If you’re familiar with your global genre film fanzines, you’ve probably heard the name Michael Helms before. Back in the days when people still consumed their media from paper, Michael was producing Fatal Visions, one of the most influential cult film ‘zines in Australia and North America. Between the years 1988 to 1998, Helms serviced our community by critically documenting and examining the weird movies only we understand the appeal of. His writing has also appeared in People Magazine, Sci-Fi Teen, Cinefantastique, Gore Zone, Shivers, and Fangoria, so needless to say he’s an expert when it comes to genre cinema.
The ‘zine might not be around in its original print form anymore, but it’s far from over. With a brand new Fatal Visions compendium being unveiled at Monster Fest and set for imminent release, along with plans to re-introduce the brand digitally, the future is looking bright for the brand. And recently we got to chat with Michael to discuss his career, cool movies and his upcoming projects.
Oh – and did we mention that he played a zombie in Braindead? It doesn’t get any better than that.
TNC: When did you fall in love with trash cinema and what have been some of pivotal films to inform your tastes?
Michael Helms: It’s a long on-going thing that started to develop well before I’d heard the term trash cinema. Horror cinema is key for me but I have to hit you with two seminal TV influences. One was an industrial safety ad that featured a man and a large spinning circular saw. It took days to realise he didn’t actually saw his arm in half lengthwise but that’s what I saw or thought I did. The other was an episode of Space Patrol a precursor series to Thunderbirds. It was set on Mars but there were spider webs all over the alien landscape and very spooky & creepy aliens. A few titles: Freaks, Easy Rider, The Legend of Hell House, Four Flies On Grey Velvet, Alvin Rides Again.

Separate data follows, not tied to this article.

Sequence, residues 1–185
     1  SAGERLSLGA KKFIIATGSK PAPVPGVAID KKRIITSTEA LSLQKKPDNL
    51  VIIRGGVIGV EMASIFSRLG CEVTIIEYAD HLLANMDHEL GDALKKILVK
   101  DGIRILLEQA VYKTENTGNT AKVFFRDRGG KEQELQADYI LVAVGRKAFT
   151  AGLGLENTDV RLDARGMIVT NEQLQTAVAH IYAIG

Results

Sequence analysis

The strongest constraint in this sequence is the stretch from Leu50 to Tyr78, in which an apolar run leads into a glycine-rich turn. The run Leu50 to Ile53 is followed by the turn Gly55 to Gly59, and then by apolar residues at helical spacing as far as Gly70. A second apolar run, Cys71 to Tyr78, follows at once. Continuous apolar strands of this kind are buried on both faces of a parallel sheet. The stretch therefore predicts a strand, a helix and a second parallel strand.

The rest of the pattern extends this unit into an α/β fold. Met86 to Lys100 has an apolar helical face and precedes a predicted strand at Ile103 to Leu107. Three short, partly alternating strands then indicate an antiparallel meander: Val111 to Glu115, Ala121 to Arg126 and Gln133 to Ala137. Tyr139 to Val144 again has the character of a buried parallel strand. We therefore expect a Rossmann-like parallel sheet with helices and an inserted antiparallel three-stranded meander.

TNC: Your native Australia has produced some of the finest horror and exploitation films in the history of mankind, but internationally Mad Max and Wolf Creek are the only ones which seem to get any recognition nowadays. That said, the country is still producing some wonderful films. What is your opinion on the current state of Australian genre cinema?
MH: Bloody great! I see more potential out there than ever before. Sometimes it even gets realised. See: Cat Sick Blues, Red Christmas, Vixen Velvet’s Zombie Massacre, Scare Campaign, Under the Kaleidoscope, Chocolate Strawberry Vanilla, Sheborg Massacre, Primal and plenty more coming soon.
TNC: You made an appearance in Peter Jackson’s Braindead. How does it feel to know that you were a part of one of the most beloved splatter films out there to this very day?
MH: I still can’t believe Peter Jackson let me in the film. If you look closely I must be the only zombie in recorded history who runs around with his eyes tightly shut! I did not see eye to eye on my first encounter with contact lenses and was in pain and blind. Perhaps that dragged a performance out of me? It’s always gratifying and interesting to watch the look on Braindead fans when they work out my connection to it. Looking forward to its eventual Blu-ray release.